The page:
Render Coffee, a new independent coffee shop, opened last month and there’s a nod to just about every current trend on the Boston coffee scene here.
Owner Chris Dadey spent the last six years as general manager of Espresso Royale and Pavement Coffeehouse. He says the focus of Render Coffee is on quality and experience, even if it slows the line.
For each $4 drip coffee, the barista carefully weighs Counter Culture grounds (“21.9 grams’’) and puts them into an unbleached paper filter that sits snug in a heated Kalita ceramic cone. Then he drizzles in 200-degree water from an odd-shaped aluminum decanter, consulting flow-rate cheat sheets as he switches the pouring rate from “bloom’’ (slower) to “flow’’ (faster). The coffee drips into laboratory glassware, from which it’s poured into your cup.
The whole process takes place on a digital scale that serves as weight-check and dramatic stage.
Aficionados are dazzled. Others, sometimes, are not. “We had a guy storm out the other day yelling, ‘God! I just want a large dark roast!’ ’’ says Dadey. “We tell people each cup takes four minutes. But I guess he couldn’t wait.’’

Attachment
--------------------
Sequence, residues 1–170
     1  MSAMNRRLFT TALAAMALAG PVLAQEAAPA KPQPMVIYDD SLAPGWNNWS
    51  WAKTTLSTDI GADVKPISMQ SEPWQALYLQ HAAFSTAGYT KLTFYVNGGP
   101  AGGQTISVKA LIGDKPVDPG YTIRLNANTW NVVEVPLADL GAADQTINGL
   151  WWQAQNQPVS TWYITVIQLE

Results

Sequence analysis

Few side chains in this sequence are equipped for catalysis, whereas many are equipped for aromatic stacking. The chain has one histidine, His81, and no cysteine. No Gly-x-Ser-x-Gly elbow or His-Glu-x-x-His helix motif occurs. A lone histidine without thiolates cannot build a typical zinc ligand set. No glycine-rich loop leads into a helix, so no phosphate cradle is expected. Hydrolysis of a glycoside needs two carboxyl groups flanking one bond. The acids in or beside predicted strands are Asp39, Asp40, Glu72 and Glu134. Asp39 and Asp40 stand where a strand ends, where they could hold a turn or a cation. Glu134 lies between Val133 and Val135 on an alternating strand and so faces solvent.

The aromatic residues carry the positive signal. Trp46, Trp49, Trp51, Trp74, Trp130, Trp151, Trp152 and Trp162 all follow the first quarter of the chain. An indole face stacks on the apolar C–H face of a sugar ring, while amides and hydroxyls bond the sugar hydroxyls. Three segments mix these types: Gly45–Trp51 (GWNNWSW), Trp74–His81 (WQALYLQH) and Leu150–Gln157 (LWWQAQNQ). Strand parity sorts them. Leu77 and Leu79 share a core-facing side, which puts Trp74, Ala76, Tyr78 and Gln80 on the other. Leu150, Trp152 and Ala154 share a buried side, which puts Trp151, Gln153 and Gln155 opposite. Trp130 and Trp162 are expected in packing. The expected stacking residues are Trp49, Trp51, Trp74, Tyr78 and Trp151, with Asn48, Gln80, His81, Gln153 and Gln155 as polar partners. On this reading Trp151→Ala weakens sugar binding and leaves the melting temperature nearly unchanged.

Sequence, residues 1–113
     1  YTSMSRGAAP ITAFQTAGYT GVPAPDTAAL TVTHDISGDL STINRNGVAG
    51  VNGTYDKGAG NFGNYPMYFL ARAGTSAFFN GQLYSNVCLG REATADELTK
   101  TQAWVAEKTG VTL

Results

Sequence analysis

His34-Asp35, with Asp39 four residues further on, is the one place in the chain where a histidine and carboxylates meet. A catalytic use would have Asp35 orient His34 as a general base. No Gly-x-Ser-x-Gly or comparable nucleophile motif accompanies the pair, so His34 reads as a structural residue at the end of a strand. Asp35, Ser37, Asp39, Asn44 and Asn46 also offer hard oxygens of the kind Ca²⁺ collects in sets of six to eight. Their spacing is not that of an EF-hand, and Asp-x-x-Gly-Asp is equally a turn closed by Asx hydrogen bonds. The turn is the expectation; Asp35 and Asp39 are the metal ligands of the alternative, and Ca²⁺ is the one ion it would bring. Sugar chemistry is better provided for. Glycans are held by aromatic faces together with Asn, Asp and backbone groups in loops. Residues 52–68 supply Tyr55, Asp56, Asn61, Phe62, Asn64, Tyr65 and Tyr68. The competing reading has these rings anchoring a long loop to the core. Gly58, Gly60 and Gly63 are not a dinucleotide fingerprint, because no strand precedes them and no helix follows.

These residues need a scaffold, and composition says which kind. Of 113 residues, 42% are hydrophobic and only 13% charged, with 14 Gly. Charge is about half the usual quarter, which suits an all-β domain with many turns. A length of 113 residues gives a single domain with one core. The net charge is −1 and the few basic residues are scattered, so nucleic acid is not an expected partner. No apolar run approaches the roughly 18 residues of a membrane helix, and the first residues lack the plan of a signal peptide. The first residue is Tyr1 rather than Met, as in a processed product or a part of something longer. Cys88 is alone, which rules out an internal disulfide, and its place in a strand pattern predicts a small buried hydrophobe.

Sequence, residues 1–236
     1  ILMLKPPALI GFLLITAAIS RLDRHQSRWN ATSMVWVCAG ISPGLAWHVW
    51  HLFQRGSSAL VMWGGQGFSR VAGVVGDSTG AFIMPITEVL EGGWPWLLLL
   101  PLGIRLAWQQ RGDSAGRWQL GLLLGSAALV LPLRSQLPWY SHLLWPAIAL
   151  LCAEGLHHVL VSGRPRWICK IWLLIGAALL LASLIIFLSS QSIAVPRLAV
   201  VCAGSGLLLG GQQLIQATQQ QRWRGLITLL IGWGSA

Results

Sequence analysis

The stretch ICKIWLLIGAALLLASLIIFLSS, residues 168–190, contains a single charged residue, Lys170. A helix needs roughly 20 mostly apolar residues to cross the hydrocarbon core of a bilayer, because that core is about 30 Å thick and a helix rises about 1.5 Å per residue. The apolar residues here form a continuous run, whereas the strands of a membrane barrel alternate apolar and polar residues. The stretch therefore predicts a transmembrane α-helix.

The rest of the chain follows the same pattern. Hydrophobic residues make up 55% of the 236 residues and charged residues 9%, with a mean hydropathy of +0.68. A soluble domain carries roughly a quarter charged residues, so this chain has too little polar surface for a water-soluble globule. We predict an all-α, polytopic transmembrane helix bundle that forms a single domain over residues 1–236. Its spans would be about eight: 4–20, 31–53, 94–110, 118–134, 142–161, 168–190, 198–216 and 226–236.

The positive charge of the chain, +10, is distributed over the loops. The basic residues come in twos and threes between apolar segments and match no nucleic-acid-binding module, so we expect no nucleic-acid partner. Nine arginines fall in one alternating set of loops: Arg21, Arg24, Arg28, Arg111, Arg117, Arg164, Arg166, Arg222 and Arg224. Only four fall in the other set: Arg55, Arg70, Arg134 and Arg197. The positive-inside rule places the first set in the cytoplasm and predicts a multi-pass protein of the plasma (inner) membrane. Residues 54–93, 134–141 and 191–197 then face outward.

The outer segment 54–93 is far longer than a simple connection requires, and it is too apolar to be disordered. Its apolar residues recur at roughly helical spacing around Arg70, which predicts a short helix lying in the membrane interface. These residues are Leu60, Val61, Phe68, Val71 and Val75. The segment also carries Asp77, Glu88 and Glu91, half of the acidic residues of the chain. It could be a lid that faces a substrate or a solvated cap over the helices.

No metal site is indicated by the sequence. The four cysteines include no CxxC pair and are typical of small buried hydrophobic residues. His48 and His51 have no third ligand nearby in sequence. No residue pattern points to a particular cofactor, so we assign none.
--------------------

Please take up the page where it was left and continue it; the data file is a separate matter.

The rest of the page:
If you can, the coffee is exceptionally good. Slow food rules the menu. That might mean quiches and butternut squash soup. Most baked goods are from the tiny 3 Little Figs bakery in Somerville. Buzzwords abound for the food and coffee alike: organic, local, seasonal, sustainable.
Decor is simple with the expected artwork of the day on the walls, and an unexpected sunny glass-enclosed patio in the back. The cafe seats 35, with an outdoor deck for 12. Customers appear to be susceptible to the attitude around the soigne brew and menu. Many are here in pairs with laptops closed - despite free Wi-Fi. For the moment, they’re taking it slow.Ike DeLorenzo can be reached at firstname.lastname@example.org.